Equality is context sensitive. It’s very rarely as cut-and-dried as people think it is.
As a simple example, consider two $5 notes. I think everyone can agree that these notes have the same value – they are both worth $5. But are they equal?
No. They are two physically distinct objects. They will be in different physical condition. They have different serial numbers. Depending on the year of printing, they may have different patterns. In fact, they may even have different values, despite being the same denomination – one may be a rare note, and thus collectible. So the only context they are equal in is ‘face value’.
But what about other things with the same value? Are two $5 notes equal to one $10 note? Or ten $1 coins? Or a debit card with a $10 balance? I doubt many people would consider these to be equal, despite having the same value.
When, as a developer, we implement an
equals() method, we are choosing a default context for equality. There’s a good chance we won’t get it right for all circumstances. One of the reasons I suggest not implementing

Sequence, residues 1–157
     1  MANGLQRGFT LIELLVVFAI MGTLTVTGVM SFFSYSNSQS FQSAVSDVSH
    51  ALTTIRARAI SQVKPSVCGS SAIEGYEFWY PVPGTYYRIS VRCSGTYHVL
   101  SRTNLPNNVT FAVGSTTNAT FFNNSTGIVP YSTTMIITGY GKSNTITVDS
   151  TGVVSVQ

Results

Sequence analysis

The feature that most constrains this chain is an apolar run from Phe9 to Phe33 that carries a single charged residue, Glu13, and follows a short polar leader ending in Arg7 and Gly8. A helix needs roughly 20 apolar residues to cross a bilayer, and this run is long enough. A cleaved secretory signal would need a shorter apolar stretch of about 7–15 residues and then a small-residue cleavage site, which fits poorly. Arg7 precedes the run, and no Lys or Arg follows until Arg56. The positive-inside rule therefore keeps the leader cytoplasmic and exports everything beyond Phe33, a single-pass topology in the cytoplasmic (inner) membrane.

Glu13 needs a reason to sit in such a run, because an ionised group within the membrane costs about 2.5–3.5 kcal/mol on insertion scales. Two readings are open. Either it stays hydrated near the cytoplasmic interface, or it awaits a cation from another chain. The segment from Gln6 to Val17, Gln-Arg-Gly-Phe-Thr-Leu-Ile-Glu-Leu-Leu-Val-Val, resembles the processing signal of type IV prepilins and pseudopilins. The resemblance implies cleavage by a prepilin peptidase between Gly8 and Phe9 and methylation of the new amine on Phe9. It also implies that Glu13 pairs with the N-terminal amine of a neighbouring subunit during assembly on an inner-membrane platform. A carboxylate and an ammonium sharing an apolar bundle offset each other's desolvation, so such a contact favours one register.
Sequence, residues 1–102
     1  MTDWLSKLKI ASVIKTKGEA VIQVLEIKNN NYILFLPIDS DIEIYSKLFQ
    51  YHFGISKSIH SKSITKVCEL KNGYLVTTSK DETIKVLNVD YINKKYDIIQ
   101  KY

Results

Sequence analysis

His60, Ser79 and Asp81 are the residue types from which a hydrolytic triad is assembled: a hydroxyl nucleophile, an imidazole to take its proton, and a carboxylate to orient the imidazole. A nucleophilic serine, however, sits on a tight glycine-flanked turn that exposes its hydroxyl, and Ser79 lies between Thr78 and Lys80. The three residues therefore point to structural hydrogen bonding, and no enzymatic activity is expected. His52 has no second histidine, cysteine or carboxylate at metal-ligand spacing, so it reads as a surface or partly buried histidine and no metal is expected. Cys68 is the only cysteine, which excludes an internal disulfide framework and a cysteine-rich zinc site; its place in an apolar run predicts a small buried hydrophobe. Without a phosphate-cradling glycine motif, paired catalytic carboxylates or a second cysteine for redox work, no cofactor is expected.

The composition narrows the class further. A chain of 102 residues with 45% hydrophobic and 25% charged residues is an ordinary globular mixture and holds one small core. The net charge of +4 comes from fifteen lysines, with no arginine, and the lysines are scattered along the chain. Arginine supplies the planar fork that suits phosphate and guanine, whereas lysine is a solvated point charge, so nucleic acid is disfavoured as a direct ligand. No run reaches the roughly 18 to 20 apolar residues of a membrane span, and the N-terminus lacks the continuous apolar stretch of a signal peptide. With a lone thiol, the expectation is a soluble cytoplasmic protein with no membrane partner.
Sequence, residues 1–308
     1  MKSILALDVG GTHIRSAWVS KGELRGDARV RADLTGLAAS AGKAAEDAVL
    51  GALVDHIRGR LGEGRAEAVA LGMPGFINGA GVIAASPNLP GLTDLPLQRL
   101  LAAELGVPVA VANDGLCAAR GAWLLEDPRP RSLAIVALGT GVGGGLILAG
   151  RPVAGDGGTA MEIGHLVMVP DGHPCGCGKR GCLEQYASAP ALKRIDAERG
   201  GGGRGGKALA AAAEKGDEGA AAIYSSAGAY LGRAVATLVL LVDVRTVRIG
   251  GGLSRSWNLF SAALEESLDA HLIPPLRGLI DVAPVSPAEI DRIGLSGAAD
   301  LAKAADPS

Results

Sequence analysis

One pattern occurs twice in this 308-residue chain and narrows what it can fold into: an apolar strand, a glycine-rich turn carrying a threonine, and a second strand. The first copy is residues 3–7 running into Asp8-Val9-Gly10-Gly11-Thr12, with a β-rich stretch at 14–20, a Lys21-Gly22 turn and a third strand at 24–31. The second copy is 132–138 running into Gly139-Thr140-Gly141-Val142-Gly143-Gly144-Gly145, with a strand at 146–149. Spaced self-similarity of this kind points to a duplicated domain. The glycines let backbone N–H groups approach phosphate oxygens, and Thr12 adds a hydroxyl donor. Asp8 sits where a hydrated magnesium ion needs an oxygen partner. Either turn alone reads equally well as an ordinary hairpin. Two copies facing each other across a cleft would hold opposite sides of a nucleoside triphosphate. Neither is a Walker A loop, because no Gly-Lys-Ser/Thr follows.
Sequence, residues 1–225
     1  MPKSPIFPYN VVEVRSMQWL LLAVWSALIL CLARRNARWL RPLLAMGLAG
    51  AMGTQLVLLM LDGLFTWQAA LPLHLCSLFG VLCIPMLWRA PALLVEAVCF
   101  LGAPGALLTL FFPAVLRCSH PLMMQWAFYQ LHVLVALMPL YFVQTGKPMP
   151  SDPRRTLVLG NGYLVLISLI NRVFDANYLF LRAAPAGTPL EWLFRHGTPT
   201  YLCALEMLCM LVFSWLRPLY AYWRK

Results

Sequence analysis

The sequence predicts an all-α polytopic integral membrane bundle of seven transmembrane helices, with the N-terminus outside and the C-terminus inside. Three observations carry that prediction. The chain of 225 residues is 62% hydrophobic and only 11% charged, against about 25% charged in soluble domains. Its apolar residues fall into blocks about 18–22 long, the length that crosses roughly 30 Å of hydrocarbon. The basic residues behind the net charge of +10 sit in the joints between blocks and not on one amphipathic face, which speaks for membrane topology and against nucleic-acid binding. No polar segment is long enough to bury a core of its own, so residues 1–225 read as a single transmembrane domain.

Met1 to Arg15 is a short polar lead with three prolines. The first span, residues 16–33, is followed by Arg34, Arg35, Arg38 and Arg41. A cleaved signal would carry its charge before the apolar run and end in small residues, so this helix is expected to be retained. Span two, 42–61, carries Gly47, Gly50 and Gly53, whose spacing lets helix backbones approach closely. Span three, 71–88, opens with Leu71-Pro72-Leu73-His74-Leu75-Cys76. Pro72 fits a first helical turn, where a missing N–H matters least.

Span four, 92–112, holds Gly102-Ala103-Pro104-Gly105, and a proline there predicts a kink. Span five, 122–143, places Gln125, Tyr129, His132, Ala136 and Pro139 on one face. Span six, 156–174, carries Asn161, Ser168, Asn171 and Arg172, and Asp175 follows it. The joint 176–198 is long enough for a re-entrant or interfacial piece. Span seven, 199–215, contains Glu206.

equals() for mutable objects is that you automatically take time out of the equality context.
What should be done, instead, is that we should expose better methods that actually say what we mean. For example – the
Collection interface in Java defines equality, and does it badly. The implication is that
Collections are equal if they contain the same items – but Sets and Lists aren’t equal to each other.
Lists are equal if they contain items that are equal in the same order – but
LinkedHashSets can’t be equal to a
List even if they have the same items in the same order. But a
LinkedList and an
ArrayList must be equal – because a list is a list is a list, right? Perhaps the
Collection interface needs a
containsSame() method to complement the
containsAll() – and collections where order is important could implement an interface that provides
containsSameInSameOrder()? This would probably be better than an
(While we’re on the Collections API: note that collections that provide sort functions can all take custom
Comparators – because sorting is context sensitive. Yet no collection accepts a custom equality-checker; if you want to provide a custom context for equality, you need to build your own collection class, or decorate incoming objects)
Create fine-grained immutable objects, and implement equality checks there. Coarse-grained objects – even if they are immutable – probably shouldn’t bother with equality checks, because there will be too many contexts for “equality” to be consistently defined. And mutable objects shouldn’t bother, because you automatically leave out the temporal context.